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Rare Discovery Original Refit Plans

2023 was an exciting year for our Royal Research Ship Discovery and all at Discovery Point in many ways; in June, we had the pleasure of welcoming the 2012 RRS Discovery to Dundee, and we are now looking ahead to urgent conservation works taking place on our 1901 Discovery.

2023 also marked the centenary of Discovery beginning her extensive 1923 Vosper refit in Portsmouth, ahead of undertaking ground-breaking oceanographic science on expeditions led by Sir Alister Hardy and many others. Findings from the ship’s oceanographic years are still being used as a benchmark by world-leading scientists aboard the 2012 RRS Discovery and beyond, today.

To mark this anniversary, we’re pleased to share that the original plans of Discovery‘s 1923 Vosper refit have been digitised and the first few can be accessed via our online collections – read to the end for a sneak peek!

In the first part of this blog, we begin to delve into the story of Discovery‘s years as a designated Royal Research Ship, before our Curator gives us exclusive insights into the process of digitising these fascinating plans, in part two.

Part 1: The History

Following its iconic 1901 voyage to Antarctica with Captain Scott and Ernest Shackleton and later adventures with the Hudson Bay Company, in 1923 Discovery began a refit for a new era; an era of oceanographic research.

Discovery in refit, Portsmouth (DUNIH 401.3)

Having been purchased by the Crown Agents, on 29th July 1923, Discovery arrived under tow in Portsmouth, where she would undergo a refit by Messrs Vosper to turn her into a research vessel.  This was virtually a rebuilding of the ship and extensive plans were drawn up.

Writing in 1967, Alister Hardy recalls seeing the ship in Portsmouth for the first time, illustrating just how much of the ship was re-constructed:

My first view of the ship, in Dry Dock at Portsmouth, was something of a shock; she was a mere skeleton, reminding one of the dug-up remains of some ancient viking galleon. Could she be ready even in time to sail in 1925, we wondered?

Alister Hardy, Great Waters (1967)

The Royal Research Ship Discovery was indeed completed in time, and boasted many of the advances in technology required to equip her for oceanographic exploration. The construction of chemical and biological labs, adjustments to the positions of the main mast and fore mast in line with suggestions from Captain Scott, and the addition of sounding machines and three powered-reels are amongst the alterations made to the ship during the refit period; an undertaking that cost nearly £114,000 (including the purchase cost of the vessel).

Black and white image of Alister Hardy using a plankton net aboard Royal Research Ship Discovery.
Alister Hardy aboard Royal Research Ship Discovery using a plankton net (DUNIH 2017.2.48)

As documented in the numerous volumes of Discovery Reports, Discovery‘s consequent oceanographic expeditions were crucial to our current understand of whales, and saw the beginning of conservation thinking.

Part 2: Digitising Plans

Visitors to Discovery Point and the Royal Research Ship Discovery will note many indicators of the 1920s refit, as she remains in many aspects, almost an exact image of this state. As well as understanding the refit period through the ship’s features and design, we are very lucky to have over 100 of Vosper’s original plans and sketches available to us in our Recognised Collections.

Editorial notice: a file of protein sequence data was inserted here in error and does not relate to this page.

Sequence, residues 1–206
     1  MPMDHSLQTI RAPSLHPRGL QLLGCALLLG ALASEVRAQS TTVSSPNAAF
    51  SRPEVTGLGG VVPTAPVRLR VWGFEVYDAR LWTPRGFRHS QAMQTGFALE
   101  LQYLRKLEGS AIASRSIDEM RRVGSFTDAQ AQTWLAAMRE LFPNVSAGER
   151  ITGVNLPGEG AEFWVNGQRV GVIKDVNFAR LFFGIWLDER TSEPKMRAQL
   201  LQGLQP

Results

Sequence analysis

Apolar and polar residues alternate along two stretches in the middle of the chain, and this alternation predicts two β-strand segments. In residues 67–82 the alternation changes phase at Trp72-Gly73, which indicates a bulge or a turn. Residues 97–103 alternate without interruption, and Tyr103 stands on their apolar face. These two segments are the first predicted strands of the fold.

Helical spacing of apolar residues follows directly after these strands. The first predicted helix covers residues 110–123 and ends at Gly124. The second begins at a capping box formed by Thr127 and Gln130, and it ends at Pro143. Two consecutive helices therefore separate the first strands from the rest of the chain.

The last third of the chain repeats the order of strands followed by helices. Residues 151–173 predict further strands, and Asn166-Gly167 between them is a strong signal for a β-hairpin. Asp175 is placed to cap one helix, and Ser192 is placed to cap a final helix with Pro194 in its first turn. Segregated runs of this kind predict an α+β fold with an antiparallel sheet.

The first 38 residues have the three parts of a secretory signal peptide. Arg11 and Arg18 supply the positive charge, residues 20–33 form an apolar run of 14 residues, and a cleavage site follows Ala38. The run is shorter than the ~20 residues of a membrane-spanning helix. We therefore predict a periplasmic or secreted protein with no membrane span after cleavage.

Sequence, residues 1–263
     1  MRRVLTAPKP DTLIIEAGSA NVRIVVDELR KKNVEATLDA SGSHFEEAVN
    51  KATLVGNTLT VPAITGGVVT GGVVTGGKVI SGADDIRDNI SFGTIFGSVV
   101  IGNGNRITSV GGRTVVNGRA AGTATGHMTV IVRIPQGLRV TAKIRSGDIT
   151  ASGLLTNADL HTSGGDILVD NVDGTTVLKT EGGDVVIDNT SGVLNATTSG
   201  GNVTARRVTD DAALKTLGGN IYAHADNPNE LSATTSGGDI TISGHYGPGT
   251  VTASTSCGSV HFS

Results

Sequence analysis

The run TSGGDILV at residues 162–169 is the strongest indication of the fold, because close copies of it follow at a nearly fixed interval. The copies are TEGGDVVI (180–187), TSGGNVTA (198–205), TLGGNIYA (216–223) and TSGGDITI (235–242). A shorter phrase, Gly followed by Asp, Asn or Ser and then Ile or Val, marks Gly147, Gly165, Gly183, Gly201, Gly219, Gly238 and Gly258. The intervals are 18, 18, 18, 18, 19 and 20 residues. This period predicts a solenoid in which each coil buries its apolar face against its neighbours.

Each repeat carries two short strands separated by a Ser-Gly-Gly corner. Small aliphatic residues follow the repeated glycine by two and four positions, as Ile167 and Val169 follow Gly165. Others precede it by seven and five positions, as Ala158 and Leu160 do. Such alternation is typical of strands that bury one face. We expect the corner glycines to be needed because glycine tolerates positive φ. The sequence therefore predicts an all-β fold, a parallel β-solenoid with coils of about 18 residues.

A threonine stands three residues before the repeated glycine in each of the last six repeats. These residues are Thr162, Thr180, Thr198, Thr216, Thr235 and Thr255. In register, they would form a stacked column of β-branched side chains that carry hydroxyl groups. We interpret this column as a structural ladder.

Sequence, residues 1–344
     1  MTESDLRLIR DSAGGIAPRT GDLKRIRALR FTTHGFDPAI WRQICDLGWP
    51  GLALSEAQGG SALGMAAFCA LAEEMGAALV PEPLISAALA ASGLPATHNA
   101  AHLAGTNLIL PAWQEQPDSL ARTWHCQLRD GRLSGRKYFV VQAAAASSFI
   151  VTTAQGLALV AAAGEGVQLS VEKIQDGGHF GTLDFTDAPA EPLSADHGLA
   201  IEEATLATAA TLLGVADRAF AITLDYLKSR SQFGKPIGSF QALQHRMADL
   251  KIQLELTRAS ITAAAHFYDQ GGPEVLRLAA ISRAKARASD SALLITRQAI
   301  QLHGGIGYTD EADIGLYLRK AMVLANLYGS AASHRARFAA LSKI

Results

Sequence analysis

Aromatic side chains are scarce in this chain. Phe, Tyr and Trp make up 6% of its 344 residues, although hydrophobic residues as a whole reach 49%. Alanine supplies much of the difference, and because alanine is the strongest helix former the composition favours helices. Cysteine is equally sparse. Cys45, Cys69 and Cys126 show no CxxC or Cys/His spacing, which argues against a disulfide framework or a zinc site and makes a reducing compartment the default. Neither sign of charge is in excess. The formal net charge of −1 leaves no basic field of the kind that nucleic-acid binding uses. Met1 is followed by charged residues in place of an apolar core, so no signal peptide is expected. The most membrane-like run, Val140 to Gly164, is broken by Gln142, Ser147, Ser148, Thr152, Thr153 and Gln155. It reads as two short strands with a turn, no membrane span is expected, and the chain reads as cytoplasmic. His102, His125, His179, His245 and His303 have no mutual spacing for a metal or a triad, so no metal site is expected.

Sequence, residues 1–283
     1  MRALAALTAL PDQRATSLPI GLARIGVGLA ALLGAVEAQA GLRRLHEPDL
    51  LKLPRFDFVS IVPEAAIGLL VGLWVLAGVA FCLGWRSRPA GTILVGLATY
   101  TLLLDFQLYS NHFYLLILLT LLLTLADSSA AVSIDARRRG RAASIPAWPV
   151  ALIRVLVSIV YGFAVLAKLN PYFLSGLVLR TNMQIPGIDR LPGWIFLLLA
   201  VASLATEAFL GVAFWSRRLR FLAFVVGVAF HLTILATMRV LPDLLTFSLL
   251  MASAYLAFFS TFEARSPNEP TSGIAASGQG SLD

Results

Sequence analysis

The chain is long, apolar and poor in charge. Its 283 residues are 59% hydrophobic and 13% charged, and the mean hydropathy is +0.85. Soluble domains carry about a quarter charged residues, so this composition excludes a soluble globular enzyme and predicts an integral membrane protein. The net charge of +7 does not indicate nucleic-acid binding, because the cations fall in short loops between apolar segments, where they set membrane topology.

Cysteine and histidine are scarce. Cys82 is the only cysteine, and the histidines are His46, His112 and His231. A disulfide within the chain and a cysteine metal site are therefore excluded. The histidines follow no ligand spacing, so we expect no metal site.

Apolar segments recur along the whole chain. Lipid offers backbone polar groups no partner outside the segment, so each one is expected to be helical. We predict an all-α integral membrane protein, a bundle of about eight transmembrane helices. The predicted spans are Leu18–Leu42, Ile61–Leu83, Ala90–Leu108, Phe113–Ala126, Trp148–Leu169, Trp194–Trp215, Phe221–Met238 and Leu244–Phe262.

Some plans are almost too big to be held by one person!

The first step of this was to look at the three collections we had and list the plans. When we knew what we had, we were able to catalogue them into the museum’s database with the plan name and number.

Detail of a Vosper plan

With a such a large archive, it makes sense for the museum number to run in line with the plan number – making life easier for everyone.  The second consideration for this is that when it comes to a number in a museum, it is important to make sure the number links with the collection. As this case is made of three collections, we needed to give three numbers: DUNIH 2022.19 for the largest collection; DUNIH 2022.20 for the mid sized and DUNIH 2022.21 for the smallest. The hope is that this brings this archive together whilst ensuring the unique collections are recognised.

However, it was still tricky to safely use the collection. The size of the plans (each would cover a small desk!) meant that it was difficult to look at more than one at any one time. For such historically informative and important objects, we do everything we can to protect the plans themselves.

Digitising these became an obvious option. So, they were packaged up and sent away to be scanned at a very high resolution.  This immediately made life easier! No more having to find the right plan in the chart chest and put it on a table big enough – and try doing it for three at a time!

Viewing printed plans

Now, all anyone needs to do is to simply go into the digital file and see it from the comfort of your chair. The other bonus of this is that the plans themselves are being kept safe all the while.

The final step in the digitising process was to create smaller digital images for the online catalogue; these are about 1/10th of the size of the super high resolution images.

Side elevation of Discovery showing masts and sails arrangement (DUNIH 2022.19.1)

So, enjoy the marvel of intricate plans and details of RRS Discovery’s refit 100 years ago and compare the views to what you already know about our magnificent ship.

Owing to the size of the collection, images will be uploaded in phases: the first are available to view now.

Look out for more unique insights on the Discovery Expeditions of the 1920s and beyond, both on our social media and at Discovery Point in Dundee!

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